Referring to the flowchart of FIG. 9, a description will be given of the procedure of a defect detection operation according to the second embodiment. In FIGS. 9 and 5, like reference numerals denote like steps, and no detailed description will be given thereof.

Test imaging is executed in a light-shielded state (step S101). After that, at first, the digital process circuit 108 calculates the output mean value of 64×64 pixels located in a central portion of the imaging area of the CCD 105 under the control of the defect detection reliability determining section 112 e, in order to determine whether or not the present condition involves a high possibility of an erroneous detection, as in the case where there is reverse incident light through the finder (step S141). It is determined whether or not the output mean value exceeds a predetermined value such as 5 (5/255=approx. 2%). On the basis of the determination result, it is determined whether or not light shielding is sufficient (step S142). Specifically, if the output mean value exceeds a predetermined value, it is determined that light shielding is insufficient, i.e., there is reverse incident light through the optical viewfinder, or the shutter unit 103 a is not completely closed. In this case, the defect detection process is not executed.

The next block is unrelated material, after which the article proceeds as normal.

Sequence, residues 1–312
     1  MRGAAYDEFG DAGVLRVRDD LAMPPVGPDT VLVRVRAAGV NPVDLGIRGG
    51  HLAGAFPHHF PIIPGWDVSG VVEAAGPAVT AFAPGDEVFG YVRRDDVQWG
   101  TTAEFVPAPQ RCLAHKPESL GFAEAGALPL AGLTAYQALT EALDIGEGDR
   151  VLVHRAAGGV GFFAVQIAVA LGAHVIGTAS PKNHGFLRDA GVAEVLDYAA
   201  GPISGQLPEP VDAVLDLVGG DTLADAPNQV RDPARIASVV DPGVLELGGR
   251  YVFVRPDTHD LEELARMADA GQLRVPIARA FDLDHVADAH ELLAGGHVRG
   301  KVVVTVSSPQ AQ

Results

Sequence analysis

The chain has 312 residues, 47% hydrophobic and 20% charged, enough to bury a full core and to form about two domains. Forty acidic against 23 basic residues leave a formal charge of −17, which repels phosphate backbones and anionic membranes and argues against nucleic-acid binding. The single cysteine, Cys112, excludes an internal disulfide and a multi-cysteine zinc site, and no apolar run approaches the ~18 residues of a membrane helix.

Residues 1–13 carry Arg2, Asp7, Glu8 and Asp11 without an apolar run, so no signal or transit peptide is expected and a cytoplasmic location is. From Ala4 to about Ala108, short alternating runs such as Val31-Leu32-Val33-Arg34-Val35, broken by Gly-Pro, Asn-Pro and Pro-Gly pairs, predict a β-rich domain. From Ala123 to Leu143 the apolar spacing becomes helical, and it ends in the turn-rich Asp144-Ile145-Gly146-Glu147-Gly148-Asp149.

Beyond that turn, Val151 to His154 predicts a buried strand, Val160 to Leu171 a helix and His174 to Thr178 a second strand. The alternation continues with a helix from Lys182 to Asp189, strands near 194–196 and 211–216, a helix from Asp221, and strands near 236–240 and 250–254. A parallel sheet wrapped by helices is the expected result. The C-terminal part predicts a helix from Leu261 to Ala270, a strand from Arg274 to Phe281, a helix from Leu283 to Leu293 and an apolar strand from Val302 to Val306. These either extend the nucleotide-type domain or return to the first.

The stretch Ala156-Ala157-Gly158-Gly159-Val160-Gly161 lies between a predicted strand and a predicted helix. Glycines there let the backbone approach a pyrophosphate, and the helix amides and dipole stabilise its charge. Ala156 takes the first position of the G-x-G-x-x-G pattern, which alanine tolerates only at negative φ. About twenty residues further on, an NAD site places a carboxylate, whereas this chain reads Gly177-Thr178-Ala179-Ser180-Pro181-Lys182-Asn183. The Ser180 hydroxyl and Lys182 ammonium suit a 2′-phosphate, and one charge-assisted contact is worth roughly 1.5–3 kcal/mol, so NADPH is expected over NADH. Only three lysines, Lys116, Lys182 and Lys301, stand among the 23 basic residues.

If the output mean value is not higher than the predetermined value, the defect detection process is executed. In this case, firstly, the “defect compensation process for detection” is executed under the control of the defect compensation control section 112 d, as in the first embodiment (step S102). Since the processes executed at the step S102 et seq. are similar to those in the first embodiment, they are not described.

Referring to the flowchart of FIG. 10, a description will be given of an imaging/recording operation during the actual imaging process. In FIGS. 10 and 7, like reference numerals denote like steps, and no detailed description will be given thereof. The procedure of FIG. 10 is obtained by adding a step S112′ to that of FIG. 7.

In FIG. 10, at the step S112′, a process, which is to be executed if it is determined in the preceding defect detection that the reliability of the detection result is insufficient, is executed. In this process, if a defective-pixel address is added to the memory area E after defect detection, the defect compensation process is executed on the basis of the sum of the defective-pixel addresses stored in the memory areas C and D except for the memory area E. Even after this defect compensation process, the compensation process based on closest pixels of each color is executed. Thus, any pixel registered as a defective pixel is correctly subjected to the compensation process. In other words, a pixel overlappedly registered as a defective one in both the memory area E and another memory area is subjected to the defect compensation process as usual.